678 F.Supp. 1463 (S.D.Cal. 1988), Crim. 87-1279, United States v. Arnold
|Docket Nº:||Crim. 87-1279|
|Citation:||678 F.Supp. 1463|
|Party Name:||United States v. Arnold|
|Case Date:||February 18, 1988|
|Court:||United States District Courts, 9th Circuit, Southern District of California|
Roger W. Haines, Jr., Asst. U.S. Atty., San Diego, Cal., Douglas Letter, Civ. Div., Dept. of Justice, Washington, D.C., for plaintiff.
John R. Steer, Gen. Counsel, U.S. Sentencing Com'n, Washington, D.C., amicus curiae.
Larry N. Ainbinder, Federal Defenders of San Diego, Inc., San Diego, Cal., for defendant Kulow.
Alan Morrison, Public Citizen Litigation Group, Washington, D.C., for defendants.
ORDER GRANTING MOTION TO INVALIDATE GUIDELINES PROMULGATED BY THE UNITED STATES SENTENCING COMMISSION, AND RELATED ORDERS
BREWSTER, District Judge.
Defendants move the court for an order declaring the sentencing guidelines ("Guidelines") promulgated by the United States Sentencing Commission ("Commission") pursuant to the Sentencing Reform Act of 1984 ("Act"), 28 U.S.C. §§ 991-98 (1987), invalid on the grounds that the Act violates the delegation doctrine and separation of powers. Defendants have pled not guilty to an indictment charging in five counts violations of 18 U.S.C. §§ 371, 1708 arising out of conduct which allegedly occurred after November 1, 1987. 1 The case is in pre-trial stage with a motion for discovery set for March 15, 1988. Detailed factual recitation of this case is not necessary since the motion does not depend on the alleged conduct of these defendants and will therefore be omitted here.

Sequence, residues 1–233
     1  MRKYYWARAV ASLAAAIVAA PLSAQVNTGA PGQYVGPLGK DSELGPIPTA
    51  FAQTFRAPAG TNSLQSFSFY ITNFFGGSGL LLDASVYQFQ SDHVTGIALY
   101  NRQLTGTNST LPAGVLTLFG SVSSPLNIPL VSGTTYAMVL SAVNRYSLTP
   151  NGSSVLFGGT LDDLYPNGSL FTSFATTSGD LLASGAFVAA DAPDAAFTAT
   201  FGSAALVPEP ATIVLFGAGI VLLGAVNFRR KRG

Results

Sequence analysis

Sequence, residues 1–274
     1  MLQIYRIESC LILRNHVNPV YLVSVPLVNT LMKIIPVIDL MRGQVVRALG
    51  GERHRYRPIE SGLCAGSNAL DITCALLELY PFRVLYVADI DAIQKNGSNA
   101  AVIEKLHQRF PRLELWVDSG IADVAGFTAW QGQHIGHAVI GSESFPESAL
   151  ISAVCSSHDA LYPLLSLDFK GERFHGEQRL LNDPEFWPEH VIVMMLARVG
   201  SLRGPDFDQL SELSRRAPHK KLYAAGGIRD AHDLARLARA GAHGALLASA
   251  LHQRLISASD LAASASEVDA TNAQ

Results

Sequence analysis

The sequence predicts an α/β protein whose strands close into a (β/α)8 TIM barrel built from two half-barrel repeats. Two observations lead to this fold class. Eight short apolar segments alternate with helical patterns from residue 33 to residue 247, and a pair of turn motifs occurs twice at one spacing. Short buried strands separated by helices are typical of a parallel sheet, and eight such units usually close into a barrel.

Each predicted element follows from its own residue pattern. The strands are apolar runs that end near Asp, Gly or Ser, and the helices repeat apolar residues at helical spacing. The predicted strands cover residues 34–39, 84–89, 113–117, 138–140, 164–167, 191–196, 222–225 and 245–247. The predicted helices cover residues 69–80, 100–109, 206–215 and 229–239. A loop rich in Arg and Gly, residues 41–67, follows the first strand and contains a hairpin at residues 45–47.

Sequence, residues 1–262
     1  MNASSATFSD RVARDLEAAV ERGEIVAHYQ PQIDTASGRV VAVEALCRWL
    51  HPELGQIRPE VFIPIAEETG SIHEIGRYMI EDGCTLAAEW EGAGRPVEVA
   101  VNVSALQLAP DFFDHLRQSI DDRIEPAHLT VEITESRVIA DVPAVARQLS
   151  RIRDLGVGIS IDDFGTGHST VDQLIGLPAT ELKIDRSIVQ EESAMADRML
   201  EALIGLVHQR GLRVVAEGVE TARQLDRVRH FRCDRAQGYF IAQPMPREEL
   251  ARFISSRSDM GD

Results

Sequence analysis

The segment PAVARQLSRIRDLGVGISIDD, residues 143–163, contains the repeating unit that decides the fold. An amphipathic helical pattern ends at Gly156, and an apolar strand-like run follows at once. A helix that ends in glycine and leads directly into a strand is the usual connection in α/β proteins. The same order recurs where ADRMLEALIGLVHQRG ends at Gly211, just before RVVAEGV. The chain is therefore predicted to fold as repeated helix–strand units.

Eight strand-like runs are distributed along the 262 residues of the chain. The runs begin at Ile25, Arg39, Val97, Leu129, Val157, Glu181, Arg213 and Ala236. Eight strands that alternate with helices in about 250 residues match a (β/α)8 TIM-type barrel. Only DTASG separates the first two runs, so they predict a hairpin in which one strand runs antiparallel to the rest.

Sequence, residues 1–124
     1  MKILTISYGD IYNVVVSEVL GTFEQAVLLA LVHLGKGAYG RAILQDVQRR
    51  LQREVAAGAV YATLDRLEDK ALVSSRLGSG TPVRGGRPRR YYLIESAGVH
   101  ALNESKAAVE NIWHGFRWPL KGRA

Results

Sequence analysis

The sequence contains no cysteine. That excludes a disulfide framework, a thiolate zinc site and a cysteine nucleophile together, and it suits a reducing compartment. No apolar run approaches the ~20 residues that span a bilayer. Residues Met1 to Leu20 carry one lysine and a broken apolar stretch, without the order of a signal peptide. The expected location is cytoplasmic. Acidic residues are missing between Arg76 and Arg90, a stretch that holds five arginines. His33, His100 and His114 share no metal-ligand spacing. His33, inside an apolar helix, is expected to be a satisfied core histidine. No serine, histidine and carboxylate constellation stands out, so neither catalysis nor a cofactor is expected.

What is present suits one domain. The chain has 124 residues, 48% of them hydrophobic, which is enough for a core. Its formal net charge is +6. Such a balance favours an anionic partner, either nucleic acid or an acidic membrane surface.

Preliminarily, the court is sensitive to the gravity of the task presented by this motion and approaches the issues with great deference to the dedication of hundreds of persons and thousands of hours, plus the expenditure of millions of dollars which have been committed to producing both the Act and the initial Guidelines. As the Supreme Court commented regarding its duty of statutory review:
Although research has shown and practice has established the futility of the charge that it was a usurpation when this Court undertook to declare an Act of Congress unconstitutional, I suppose that we all agree that to do so is the greatest and most delicate duty that this Court is called upon to perform.